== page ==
Middle-class rebellion

We live in the North Seattle neighbourhood. Ok, its not a neighbourhood – its a few sprawling hills of overpriced real-estate with organic vegetarian bakeries, mini-strips of chinese take-out, designer pizza, yoga-studios and dry-cleaners wafting that lovely soapy smell that will probably kill you. Its not all renovated – there are still lots of houses with collapsing fences and peeling paint, old junipers planted in the ’50’s; rows of identical ranch-style homes, retirement homes that always have the fire department carrying away bodies. We like it.

Anyway, as I walked home pushing the tractor-tricycle tonight it was particularly picaresque. The streets were gloomy and golden and I could see families in relief against the living room lights and flickering televisions. Umi was eating Japanese-style with her family sitting down at a low table, our neighbors carrying boxes into a car stuffed with – well – stuff, some teenagers hanging Halloween decorations in the front window. An older woman down the road gave us some seashells we admired (and I nearly stood on a dog poop as I walked closer to receive the gift).

And I didn’t even mind being almost run down by motorists going the wrong way around the roundabouts. I mean, what is it about roundabouts Seattle drivers don’t understand? Is it a form of middle-class rebellion, like “dammit, I will pay taxes and smile at the mailman but I will go whichever way I like around this circular impediment?”…

5 Comments so far

  1. none (unregistered) on October 14th, 2004 @ 9:16 am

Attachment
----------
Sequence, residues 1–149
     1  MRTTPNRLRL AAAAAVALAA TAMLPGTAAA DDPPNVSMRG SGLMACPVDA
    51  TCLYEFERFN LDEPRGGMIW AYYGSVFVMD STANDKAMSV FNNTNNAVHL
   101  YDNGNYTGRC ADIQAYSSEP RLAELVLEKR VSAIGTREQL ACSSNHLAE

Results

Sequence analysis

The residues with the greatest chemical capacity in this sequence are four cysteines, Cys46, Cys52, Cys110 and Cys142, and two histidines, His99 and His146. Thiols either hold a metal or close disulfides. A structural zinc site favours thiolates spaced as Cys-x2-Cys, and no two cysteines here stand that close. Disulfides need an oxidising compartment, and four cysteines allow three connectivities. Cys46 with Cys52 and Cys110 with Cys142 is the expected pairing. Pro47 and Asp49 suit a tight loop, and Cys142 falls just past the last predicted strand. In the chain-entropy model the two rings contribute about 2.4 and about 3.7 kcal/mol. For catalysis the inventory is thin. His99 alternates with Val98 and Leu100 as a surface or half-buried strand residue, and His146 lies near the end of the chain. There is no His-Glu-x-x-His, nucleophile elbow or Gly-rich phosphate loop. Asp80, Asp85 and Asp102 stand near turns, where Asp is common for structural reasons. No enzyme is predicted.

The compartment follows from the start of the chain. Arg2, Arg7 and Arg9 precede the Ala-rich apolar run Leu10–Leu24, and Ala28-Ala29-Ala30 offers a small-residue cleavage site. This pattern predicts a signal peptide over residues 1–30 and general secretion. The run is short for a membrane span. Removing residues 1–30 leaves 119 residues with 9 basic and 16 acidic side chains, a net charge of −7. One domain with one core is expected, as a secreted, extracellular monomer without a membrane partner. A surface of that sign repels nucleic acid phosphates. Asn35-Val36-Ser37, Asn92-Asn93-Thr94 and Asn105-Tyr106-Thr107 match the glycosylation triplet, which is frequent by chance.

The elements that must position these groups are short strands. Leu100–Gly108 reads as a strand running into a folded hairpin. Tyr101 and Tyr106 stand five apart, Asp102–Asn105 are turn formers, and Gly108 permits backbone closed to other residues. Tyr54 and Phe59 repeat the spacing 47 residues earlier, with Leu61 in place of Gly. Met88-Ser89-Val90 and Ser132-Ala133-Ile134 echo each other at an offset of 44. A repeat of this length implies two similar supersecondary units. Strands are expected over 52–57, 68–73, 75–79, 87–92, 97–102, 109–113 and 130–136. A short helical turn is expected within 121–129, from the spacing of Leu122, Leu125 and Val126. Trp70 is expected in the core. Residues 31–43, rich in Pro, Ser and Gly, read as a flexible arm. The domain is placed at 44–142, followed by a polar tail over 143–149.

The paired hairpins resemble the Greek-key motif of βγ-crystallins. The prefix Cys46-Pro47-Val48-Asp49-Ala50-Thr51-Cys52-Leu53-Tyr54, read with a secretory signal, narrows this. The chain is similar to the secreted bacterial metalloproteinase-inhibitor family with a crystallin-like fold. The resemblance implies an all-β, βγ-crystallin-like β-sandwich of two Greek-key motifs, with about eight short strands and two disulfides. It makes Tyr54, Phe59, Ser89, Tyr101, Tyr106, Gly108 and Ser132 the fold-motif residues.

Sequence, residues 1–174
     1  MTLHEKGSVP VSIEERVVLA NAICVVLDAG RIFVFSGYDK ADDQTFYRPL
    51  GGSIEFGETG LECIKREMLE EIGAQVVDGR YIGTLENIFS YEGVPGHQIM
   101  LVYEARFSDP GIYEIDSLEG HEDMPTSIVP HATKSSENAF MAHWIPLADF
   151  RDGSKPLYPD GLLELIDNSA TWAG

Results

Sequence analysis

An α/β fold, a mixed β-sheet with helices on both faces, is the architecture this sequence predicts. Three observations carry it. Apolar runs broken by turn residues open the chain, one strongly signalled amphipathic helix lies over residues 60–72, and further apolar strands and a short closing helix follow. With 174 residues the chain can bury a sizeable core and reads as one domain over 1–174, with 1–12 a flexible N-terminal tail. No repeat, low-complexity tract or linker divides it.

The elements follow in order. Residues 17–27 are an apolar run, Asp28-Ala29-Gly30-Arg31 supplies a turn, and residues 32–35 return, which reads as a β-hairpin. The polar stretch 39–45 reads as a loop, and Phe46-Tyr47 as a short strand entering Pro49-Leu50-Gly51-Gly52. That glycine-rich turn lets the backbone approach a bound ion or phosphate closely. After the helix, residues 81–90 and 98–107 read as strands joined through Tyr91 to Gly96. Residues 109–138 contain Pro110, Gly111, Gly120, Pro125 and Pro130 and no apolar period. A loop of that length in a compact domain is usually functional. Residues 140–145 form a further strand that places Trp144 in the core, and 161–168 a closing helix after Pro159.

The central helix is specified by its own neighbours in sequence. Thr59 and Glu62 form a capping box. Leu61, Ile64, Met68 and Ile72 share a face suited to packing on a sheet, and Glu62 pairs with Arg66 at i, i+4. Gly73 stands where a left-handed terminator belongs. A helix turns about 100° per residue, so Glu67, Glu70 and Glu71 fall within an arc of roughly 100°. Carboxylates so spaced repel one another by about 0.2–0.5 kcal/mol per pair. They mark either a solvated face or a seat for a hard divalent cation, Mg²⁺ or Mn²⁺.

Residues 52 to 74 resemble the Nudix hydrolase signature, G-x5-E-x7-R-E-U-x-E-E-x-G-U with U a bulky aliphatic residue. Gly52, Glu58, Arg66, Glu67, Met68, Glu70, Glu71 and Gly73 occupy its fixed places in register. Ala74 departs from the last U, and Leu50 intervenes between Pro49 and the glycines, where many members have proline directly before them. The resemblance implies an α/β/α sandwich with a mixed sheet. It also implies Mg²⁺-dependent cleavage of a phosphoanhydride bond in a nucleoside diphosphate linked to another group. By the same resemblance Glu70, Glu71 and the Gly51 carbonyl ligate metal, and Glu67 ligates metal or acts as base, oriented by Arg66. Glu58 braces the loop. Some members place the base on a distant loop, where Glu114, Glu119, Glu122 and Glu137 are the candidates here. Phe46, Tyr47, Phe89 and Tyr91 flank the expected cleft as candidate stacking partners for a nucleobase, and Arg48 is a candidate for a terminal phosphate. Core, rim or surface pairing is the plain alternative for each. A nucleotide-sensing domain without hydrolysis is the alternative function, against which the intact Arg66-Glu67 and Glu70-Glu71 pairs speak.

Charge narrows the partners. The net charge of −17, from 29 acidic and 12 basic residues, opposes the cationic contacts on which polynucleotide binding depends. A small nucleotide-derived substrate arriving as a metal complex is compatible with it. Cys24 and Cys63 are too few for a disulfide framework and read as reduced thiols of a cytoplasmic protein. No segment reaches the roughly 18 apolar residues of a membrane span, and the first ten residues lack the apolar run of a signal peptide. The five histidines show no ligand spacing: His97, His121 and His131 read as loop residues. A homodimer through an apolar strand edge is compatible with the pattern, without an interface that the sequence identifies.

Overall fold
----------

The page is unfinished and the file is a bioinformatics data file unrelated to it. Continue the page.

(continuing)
It’s not illegal to go the “wrong” way around traffic circles. They’re not actual roundabouts.

  2. Shannon (unregistered) on October 14th, 2004 @ 6:13 pm

    You live in Seattle, right?

  3. none (unregistered) on October 15th, 2004 @ 12:29 pm

    Yes, I do live in Seattle. I assumed you were talking about the concrete circles in many of the residential areas that are sometimes planted, sometimes filled with weeds. There has been a lot of discussion on this and I’ve done the research – if there is no other car in the intersection, the driver is allowed to go the short way around the circle. It’s in the driver’s manual.

    Now roundabouts are a whole ‘nother beast. We have not had many of these here in the NW until recently – I think we now have 2, which is why I assumed you were talking about the traffic circles. It would be suicide to attempt to go around one of those the wrong way.

  4. shannon (unregistered) on October 16th, 2004 @ 11:34 pm

    Oh, I’d love to hear where you found that reference – I couldn’t find it in the Drivers’s Guide and would be really interested. I recently did my drive test and was drilled by the instructor who insisted I would fail if I didn’t handle traffic circles “correctly”.

  5. none (unregistered) on October 17th, 2004 @ 9:54 am

    I was pretty sure I’d seen it in the Seattle Times recently, so I searched their archives. Here’s a quote from one hit:

    “Seattle Department of Transportation spokeswoman Liz Rankin says traffic circles should be treated as uncontrolled intersections. When two or more motorists approach the traffic circle, the driver on the right has the right-of-way.

    Those circles are designed to slow cars and create a safer environment for pedestrians as well as other vehicles. Most motorists round the circles to the right. But that’s not an absolute, Rankin says. Based on her department’s interpretation of the traffic code’s description of a left turn, she says it’s legal to take the short left around the circle

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